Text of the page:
Andrew is completely right - when "already" is used in a question, it has a slightly different connotation.
"Have you sent that email yet?" implies that they want you to send the email. You were supposed to have sent the email by now.
"Have you sent that email already?" makes the speaker sound a little shocked or surprised. It implies that they might have changed their mind about the email and they want to add something to it.
In general, when "yet" is used in a statement, it describes something that has not happened yet, but is expected to happen, or the speaker wishes that it will happen.
"I have not yet gone to Brazil."
This implies that the speaker will go to Brazil soon, or that they wish to go to Brazil in the future.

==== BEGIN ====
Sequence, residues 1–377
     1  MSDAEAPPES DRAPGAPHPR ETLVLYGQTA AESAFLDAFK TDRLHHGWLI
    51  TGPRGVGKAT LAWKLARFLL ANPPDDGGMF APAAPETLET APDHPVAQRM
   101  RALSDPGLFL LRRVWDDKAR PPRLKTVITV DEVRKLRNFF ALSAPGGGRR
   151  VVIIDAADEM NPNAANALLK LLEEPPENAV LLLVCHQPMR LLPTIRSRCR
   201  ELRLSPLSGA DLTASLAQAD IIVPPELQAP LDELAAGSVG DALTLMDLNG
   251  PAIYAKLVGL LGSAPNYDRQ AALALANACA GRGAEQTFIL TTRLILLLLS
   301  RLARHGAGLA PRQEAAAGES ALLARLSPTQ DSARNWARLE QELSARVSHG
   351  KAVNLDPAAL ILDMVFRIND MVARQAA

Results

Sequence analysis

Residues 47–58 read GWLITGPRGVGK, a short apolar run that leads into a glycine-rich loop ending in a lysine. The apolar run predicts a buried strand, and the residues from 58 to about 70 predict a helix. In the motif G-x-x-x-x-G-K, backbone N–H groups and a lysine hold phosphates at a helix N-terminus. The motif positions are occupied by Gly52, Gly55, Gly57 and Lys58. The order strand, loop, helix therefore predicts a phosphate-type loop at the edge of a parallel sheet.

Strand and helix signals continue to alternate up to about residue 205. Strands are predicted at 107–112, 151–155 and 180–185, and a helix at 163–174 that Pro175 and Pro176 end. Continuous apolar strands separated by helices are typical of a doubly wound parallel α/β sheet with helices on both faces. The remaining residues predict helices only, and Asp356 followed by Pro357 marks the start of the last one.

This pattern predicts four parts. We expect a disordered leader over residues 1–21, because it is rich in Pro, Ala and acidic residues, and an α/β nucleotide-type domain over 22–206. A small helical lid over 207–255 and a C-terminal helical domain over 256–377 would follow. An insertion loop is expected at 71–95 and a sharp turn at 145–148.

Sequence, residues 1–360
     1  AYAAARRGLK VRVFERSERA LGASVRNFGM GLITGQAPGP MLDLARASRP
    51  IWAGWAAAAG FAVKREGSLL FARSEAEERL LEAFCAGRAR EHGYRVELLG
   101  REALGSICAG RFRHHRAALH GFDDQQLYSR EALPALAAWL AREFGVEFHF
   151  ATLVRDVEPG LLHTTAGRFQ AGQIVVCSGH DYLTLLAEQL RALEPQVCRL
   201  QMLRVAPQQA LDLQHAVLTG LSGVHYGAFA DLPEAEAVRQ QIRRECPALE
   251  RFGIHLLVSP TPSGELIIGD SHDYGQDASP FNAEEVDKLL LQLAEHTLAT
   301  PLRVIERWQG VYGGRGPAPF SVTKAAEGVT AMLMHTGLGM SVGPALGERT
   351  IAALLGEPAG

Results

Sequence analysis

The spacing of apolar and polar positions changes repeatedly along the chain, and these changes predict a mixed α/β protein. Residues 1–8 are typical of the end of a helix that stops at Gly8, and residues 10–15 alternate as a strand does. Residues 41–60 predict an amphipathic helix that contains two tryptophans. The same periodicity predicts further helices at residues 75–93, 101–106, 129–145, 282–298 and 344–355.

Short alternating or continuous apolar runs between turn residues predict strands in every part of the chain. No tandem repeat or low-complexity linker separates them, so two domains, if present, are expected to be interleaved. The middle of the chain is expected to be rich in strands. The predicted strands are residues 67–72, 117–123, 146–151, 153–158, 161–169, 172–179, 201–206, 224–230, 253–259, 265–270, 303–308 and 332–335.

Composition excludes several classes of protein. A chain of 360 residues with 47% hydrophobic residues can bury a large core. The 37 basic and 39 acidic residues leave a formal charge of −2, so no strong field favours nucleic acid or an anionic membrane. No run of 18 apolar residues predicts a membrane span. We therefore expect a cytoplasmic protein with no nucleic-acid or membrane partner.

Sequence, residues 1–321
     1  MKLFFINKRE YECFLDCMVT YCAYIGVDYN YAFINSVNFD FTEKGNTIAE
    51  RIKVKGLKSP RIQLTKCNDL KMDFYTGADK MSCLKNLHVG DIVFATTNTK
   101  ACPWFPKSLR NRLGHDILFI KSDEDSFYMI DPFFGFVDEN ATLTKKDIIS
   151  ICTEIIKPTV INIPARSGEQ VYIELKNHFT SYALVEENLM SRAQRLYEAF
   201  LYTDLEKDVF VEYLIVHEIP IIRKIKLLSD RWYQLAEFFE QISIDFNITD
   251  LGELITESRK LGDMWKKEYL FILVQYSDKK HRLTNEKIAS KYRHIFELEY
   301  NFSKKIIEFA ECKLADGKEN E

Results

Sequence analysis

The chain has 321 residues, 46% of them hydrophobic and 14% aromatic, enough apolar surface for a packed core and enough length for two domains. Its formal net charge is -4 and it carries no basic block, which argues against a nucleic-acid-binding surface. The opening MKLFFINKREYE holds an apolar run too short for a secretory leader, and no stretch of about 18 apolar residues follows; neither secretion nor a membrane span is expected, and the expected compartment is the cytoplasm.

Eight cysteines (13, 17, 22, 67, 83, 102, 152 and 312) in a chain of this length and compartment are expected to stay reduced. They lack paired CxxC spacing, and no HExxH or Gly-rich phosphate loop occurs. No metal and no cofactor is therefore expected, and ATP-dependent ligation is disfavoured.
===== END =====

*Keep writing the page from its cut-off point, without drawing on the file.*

When it is used in a question, it is asking whether or not someone has done something - but implies that the person is expected to do it, or the person wants them to do it.
"Have you sent that email yet?"
This implies that the person was supposed to have sent the email, or the speaker wants the person to send the email.
Ashley and Andrew have already given great answers ;) I just wanted to elaborate